“The carts make you feel like you’re more integrated with nature,” Higgins recommended. “It’s easier to stop along the way and get out and explore.”
None of the outdoor sculptures are roped off and visitors are encouraged to interact with them. They’re tactile and made of materials ranging from stone and metal to aluminum and bronze. Popular favorites include “Cincinnati Story” by George Sugarman, a colorful structure that once stood in front of the Chiquita Building in the Queen City, the “Age of Stone,” a huge work by Jon Isherwood that’s composed of nine pieces of massive granite ranging from 12- to 18-feet-tall and has been compared to Stonehenge, and the park’s dramatic signature piece, “Abracadabra” by Alexander Liberman, who also constructed the welded steel “Laocoon” and Torre II.
Other attractions: There are remnants of pioneer inhabitation on the site and the Butler County Master Gardeners have created three public gardens. Other areas showcase the native plants and habitats.
The Ancient Sculpture Museum houses over 93 pieces of sculpture with each piece said to be over a thousand years old.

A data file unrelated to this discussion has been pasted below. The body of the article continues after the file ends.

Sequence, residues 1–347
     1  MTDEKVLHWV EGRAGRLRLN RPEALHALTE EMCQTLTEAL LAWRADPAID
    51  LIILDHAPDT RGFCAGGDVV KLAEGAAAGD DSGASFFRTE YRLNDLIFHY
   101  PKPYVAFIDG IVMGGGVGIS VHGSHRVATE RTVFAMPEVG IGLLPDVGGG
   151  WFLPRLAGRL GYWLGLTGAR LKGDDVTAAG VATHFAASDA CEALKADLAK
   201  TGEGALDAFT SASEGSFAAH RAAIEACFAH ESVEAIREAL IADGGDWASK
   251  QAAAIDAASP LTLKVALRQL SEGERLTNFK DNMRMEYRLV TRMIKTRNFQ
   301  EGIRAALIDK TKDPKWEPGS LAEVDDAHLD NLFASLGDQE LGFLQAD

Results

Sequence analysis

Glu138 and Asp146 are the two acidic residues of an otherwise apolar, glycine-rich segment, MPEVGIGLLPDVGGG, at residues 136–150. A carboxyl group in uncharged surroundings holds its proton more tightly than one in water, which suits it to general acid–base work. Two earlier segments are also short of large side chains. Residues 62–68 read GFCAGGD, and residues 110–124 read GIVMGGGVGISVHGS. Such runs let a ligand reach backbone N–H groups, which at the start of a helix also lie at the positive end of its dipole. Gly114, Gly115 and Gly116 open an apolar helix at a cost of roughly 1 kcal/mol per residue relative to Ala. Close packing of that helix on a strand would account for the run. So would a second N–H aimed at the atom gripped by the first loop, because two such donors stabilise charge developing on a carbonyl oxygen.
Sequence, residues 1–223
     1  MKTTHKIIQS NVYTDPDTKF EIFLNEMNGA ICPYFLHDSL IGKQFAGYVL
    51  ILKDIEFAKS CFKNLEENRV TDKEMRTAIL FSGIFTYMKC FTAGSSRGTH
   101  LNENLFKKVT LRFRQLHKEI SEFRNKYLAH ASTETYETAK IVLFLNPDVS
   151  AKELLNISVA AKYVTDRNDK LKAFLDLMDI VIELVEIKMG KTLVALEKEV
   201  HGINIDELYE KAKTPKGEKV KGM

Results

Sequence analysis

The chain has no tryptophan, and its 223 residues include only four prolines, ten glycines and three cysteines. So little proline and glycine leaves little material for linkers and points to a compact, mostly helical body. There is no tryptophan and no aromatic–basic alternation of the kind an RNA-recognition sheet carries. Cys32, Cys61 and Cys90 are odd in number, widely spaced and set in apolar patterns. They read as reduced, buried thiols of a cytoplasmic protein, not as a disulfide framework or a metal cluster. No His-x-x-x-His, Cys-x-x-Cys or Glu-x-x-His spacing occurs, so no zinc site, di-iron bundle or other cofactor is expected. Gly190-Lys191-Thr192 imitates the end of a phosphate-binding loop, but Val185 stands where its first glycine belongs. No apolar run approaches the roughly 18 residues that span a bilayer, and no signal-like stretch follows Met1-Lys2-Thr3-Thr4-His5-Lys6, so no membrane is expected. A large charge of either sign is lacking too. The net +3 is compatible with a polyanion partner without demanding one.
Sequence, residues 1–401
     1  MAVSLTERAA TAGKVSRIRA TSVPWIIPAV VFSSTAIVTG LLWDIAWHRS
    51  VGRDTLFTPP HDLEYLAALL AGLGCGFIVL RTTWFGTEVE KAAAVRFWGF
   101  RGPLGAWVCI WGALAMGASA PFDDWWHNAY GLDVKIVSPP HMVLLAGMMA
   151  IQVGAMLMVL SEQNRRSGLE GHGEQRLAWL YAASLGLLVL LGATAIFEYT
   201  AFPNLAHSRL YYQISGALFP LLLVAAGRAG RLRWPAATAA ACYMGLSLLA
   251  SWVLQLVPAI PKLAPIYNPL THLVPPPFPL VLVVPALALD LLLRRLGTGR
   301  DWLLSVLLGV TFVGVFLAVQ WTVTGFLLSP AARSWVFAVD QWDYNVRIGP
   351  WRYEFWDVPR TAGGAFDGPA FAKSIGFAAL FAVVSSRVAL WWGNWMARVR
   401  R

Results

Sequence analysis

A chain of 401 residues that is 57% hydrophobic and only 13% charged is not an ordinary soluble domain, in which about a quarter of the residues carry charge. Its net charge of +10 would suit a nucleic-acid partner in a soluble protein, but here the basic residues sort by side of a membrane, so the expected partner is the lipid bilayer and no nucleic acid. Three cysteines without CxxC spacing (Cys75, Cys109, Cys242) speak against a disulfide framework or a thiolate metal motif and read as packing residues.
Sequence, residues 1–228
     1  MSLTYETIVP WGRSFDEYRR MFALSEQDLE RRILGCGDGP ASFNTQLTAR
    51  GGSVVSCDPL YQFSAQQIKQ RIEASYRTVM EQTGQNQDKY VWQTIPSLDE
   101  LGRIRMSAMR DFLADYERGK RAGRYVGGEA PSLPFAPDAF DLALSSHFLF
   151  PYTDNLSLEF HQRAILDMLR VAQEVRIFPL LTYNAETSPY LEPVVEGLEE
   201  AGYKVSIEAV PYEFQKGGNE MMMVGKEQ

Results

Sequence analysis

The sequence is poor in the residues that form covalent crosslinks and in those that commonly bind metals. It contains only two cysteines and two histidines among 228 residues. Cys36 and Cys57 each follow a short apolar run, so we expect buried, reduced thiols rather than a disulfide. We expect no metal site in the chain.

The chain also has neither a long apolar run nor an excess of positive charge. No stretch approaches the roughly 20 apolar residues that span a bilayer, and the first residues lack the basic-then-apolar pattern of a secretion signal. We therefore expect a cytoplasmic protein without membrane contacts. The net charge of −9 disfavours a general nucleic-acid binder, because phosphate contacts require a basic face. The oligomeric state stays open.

The history of Pyramid Hill
The fascinating story of the park can be traced back to visionary Harry T. Wilks, who passed away on his 89th birthday, March 11.
“He was still making plans for this park on his death bed,” said Rick Batdorf, who was associated with Wilks since 1980 and involved with the park since its inception. “The last thing he said to me was: ‘Are the daffodils up yet?’ “
I was fortunate enough to visit with Mr. Wilks last summer at Pyramid Hill. He introduced himself as a small-town Hamilton lawyer who was “lucky and picked the right investments,” enabling him to purchase 40 acres of land in the country in 1987 to build a home.